Directed by: Greg Camalier
Legend tells us that the Yuchi tribe called the Tennessee River “the river that sings.” It therefore seems apt that, on its banks in the rural, northern Alabama town of Muscle Shoals, a recording studio became the unlikely site of some of the most iconic recordings of the last 50 years.
Surmounting personal tragedies and poverty, Rick Hall began Fame Studios in the late 1950s. A visionary and skilled engineer, he assembled an in-house rhythm section of local musicians that affectionately became known as “the Swampers.” Their unique style became part of the signature “Muscle Shoals sound” that backed legendary artists such as Percy Sledge, Aretha Franklin, Etta James, Wilson Pickett, and Lynyrd Skynyrd. Reaching across the categories of pop, rock, and country, this tiny town with a big sound prompted acts like the Rolling Stones, Jimmy Cliff, Paul Simon, and many, many more to make pilgrimages.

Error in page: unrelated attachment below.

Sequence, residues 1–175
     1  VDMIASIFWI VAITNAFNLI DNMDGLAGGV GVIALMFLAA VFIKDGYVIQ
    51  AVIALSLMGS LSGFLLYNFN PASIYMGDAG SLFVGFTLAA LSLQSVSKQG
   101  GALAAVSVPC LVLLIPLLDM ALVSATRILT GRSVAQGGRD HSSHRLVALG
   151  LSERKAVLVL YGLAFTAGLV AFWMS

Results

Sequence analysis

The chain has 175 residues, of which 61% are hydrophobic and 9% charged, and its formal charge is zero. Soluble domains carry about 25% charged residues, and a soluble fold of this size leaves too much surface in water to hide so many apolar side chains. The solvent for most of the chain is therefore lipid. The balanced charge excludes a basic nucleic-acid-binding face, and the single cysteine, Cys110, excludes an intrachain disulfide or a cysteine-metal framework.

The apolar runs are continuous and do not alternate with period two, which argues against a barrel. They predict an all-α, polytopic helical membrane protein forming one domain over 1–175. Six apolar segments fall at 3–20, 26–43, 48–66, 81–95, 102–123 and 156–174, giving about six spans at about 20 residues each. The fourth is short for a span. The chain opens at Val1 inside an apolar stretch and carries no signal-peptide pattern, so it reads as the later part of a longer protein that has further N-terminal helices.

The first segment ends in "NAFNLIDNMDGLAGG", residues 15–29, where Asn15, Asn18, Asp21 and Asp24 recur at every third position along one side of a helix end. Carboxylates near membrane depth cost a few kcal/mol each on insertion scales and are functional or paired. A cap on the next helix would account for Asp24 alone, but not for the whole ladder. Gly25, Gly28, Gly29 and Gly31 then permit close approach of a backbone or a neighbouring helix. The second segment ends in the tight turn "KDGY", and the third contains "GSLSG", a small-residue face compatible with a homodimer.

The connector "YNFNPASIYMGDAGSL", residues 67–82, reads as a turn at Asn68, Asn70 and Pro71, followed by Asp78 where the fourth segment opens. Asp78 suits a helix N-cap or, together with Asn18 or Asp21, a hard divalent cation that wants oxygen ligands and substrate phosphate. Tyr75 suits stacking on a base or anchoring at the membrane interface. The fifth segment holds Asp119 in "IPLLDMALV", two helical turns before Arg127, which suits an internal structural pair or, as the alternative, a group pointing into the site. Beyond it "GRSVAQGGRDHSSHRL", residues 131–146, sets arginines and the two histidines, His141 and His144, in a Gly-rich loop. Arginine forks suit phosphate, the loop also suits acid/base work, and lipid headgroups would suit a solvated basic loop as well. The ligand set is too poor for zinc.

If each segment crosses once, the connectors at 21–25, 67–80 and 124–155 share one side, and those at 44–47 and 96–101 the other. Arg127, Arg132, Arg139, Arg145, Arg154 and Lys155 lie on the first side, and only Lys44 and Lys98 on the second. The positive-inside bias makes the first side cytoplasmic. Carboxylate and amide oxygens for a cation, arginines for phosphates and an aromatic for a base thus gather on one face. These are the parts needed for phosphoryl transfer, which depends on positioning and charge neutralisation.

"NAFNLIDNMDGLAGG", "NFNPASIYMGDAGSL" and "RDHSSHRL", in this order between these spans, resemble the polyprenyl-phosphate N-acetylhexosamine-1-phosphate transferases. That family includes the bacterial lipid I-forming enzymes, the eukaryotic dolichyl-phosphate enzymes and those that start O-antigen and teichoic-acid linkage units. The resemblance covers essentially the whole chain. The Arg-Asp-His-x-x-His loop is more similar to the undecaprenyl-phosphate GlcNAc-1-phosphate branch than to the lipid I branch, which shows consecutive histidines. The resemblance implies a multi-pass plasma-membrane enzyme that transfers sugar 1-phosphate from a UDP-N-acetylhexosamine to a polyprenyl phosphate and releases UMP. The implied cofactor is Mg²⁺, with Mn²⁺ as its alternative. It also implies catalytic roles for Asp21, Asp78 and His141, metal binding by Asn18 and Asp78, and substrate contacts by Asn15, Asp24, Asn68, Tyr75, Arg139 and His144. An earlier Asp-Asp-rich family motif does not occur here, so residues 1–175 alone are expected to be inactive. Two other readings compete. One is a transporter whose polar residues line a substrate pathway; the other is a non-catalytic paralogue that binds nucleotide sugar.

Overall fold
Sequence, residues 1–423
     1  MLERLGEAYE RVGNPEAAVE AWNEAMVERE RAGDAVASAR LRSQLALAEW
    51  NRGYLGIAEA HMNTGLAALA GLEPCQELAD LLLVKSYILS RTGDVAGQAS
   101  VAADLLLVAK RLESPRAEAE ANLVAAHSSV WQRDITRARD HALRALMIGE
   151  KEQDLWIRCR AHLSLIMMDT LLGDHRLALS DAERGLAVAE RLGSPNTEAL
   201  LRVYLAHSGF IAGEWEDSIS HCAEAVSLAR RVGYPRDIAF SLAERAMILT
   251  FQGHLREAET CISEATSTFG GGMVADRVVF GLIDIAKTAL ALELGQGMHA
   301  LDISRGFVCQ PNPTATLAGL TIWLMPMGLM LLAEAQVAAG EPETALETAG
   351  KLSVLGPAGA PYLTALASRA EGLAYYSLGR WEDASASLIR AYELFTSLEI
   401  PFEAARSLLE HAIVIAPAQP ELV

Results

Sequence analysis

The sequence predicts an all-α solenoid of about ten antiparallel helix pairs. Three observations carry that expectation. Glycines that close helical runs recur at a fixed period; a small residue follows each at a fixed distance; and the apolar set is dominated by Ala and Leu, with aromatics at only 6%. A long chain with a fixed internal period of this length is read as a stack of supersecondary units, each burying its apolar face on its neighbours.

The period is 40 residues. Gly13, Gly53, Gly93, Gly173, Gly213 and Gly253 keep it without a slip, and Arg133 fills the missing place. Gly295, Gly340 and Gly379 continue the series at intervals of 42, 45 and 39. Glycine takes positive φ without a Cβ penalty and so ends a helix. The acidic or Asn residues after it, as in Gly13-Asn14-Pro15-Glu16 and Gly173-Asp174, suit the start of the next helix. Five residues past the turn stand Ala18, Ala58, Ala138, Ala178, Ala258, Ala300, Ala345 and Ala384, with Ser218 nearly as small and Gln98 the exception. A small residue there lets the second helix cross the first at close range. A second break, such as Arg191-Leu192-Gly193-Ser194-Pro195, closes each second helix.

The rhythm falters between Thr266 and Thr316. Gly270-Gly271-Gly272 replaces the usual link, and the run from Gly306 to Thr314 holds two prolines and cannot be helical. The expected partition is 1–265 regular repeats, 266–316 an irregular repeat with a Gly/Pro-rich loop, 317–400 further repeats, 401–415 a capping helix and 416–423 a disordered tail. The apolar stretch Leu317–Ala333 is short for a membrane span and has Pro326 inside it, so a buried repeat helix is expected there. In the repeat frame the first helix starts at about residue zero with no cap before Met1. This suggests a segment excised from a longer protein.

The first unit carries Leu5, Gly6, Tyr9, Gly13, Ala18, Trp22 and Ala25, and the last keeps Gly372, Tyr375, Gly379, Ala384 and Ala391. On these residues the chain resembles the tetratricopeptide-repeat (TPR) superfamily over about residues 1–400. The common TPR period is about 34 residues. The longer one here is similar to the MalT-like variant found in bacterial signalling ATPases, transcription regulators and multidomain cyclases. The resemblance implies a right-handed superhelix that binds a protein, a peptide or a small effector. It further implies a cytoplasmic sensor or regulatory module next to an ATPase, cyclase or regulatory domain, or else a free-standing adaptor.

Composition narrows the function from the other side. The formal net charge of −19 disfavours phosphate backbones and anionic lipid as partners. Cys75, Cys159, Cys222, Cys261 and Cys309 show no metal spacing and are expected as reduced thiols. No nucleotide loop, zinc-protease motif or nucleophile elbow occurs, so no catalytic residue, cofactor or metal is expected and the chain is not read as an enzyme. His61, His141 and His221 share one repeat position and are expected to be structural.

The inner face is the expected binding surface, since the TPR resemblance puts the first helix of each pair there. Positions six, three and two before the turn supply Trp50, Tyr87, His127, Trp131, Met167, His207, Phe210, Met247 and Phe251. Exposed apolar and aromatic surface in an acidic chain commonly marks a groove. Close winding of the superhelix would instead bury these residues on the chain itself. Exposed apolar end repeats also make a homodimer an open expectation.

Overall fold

Through interviews, archival photos, and footage, filmmaker Greg Camalier celebrates Hall’s foresight and explores the tributaries of his influence, conveying his vision and determination to cross existing racial divides to produce Muscle Shoals’ legacy: a sound so distinct that it brought the world to this unassuming place. Interspersed with the indelible standards produced there—including “When a Man Loves a Woman,” “Mustang Sally,” and “I Never Loved a Man (the Way I Love You)”—MUSCLE SHOALS reveals an inspiring tale of a place that became the “hit-recording capital of the world,” churning out more hit records per capita than any other place on earth.